Steve Creed, the housing director for the Fayette County Community Action Organization and administrator for the Fayette County Land Bank, was also in attendance to talk about possibly bringing the Self-Help Housing program funded by the United States Department of Agriculture (USDA) to Highland County.

Creed said the program can work with low-income people, 80 percent of the immediate income or less of the area, to get them a mortgage to the USDA Rural Development, with them also building their own home. He said the “only” money from the client’s pocket was the $25 application fee to the USDA for the mortgage, and then when they’re eligible, they would need to pay for the first year’s homeowner’s insurance in advance.

He said the program builds in a minimum group of four people, but sometimes it goes up to six to eight, with them sharing the labor. He also said they needed to put about 65 percent of the labor into the house. However, he said they do sell out the trades for the plumbing, electrical and heating and cooling.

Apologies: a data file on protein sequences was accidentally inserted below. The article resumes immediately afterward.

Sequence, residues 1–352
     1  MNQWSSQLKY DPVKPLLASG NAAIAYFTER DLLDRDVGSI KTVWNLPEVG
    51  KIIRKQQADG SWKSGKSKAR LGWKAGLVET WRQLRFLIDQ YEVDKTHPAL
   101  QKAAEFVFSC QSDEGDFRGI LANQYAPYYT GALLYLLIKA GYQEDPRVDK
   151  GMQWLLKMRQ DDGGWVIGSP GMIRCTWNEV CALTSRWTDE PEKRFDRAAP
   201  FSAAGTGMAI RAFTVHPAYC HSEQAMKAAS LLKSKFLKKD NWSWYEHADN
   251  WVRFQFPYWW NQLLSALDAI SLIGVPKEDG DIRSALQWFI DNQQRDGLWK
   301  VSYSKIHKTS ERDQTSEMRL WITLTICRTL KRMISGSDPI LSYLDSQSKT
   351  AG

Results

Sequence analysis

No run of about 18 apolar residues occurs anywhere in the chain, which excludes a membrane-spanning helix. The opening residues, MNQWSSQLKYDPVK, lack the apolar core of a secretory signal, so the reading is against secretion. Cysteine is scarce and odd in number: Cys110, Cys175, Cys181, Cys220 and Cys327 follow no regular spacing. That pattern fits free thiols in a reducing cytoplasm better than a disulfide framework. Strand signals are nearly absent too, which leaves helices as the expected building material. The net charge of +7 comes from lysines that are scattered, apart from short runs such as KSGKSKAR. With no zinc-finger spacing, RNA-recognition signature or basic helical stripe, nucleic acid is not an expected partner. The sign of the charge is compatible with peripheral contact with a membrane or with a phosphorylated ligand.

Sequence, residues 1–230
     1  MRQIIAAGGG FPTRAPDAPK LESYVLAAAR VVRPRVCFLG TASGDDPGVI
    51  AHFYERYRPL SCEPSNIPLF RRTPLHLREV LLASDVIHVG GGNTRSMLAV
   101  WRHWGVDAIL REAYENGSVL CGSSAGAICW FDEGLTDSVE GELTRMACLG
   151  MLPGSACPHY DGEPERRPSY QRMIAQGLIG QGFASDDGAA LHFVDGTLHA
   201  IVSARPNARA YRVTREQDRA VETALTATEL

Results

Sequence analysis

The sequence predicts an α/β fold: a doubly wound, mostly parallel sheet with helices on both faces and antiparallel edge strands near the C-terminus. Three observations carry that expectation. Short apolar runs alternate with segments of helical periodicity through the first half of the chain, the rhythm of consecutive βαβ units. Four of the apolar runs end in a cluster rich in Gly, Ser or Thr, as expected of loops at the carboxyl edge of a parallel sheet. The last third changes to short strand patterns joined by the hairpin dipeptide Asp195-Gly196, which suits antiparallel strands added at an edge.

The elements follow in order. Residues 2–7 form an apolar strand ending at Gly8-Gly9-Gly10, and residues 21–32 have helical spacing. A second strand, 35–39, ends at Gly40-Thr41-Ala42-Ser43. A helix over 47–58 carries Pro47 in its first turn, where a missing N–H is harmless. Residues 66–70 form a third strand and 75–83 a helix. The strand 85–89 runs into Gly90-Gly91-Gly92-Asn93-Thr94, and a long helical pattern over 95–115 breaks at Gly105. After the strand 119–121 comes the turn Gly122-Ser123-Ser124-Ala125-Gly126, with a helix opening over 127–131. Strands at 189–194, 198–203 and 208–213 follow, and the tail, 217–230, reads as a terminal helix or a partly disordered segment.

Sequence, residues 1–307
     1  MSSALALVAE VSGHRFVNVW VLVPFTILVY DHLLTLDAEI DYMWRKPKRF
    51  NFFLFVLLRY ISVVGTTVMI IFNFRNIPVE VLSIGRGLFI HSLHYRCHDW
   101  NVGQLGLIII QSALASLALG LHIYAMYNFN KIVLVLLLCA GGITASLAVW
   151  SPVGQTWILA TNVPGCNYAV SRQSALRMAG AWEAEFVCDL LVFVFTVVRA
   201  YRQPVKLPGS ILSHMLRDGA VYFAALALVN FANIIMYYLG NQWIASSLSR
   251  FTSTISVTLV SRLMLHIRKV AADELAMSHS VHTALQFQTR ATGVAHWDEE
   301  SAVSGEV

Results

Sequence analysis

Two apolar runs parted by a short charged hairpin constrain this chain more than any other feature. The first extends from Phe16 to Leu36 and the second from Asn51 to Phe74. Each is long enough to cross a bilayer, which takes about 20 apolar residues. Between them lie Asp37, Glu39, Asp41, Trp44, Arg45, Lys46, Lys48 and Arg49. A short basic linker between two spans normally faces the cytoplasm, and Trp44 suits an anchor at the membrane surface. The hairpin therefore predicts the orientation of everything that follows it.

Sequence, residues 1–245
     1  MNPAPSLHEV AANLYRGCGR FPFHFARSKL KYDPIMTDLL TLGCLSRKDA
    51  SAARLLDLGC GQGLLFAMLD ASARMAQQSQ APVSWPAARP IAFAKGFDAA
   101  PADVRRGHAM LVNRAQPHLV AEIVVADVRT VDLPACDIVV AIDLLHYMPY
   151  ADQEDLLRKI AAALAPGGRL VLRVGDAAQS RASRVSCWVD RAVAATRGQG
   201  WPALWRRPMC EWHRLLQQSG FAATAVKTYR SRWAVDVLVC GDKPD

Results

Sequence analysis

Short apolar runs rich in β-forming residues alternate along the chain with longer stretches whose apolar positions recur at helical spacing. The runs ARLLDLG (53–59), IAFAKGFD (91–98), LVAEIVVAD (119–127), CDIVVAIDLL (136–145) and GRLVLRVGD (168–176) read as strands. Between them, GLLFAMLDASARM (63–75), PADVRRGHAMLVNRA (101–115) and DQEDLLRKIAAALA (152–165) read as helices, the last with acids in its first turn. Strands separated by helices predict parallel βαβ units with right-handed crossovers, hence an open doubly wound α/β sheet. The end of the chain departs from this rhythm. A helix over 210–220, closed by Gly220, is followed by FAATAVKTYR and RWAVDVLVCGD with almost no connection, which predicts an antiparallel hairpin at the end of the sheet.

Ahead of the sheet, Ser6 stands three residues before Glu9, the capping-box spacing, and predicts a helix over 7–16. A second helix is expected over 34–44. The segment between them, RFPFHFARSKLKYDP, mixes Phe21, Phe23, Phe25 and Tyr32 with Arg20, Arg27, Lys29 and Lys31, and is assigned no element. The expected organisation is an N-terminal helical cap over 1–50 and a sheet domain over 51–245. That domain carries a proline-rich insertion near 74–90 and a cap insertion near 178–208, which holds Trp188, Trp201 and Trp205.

Creed said the credit score requirement for this is a “little lower” than a bank, with it being 640 or better. He said applicants couldn’t have a bankruptcy or something like that, and must have the income and ability to repay.

Edison also gave updates for multiple properties:

* The owner of 9955 U.S. Route 62 in Leesburg/Samantha wanted to donate the property, with Book planning to do a title search.

* 229 E. South St. and 453 E. Main St., both in Hillsboro, had their prices lowered to $12,000.

* The neighbor next to a property on S.R. 134 in Buford was interested in it and possibly wanted to turn it into a parking lot. However, Edison said the interested party “obviously” didn’t want it with the liens on it at the moment.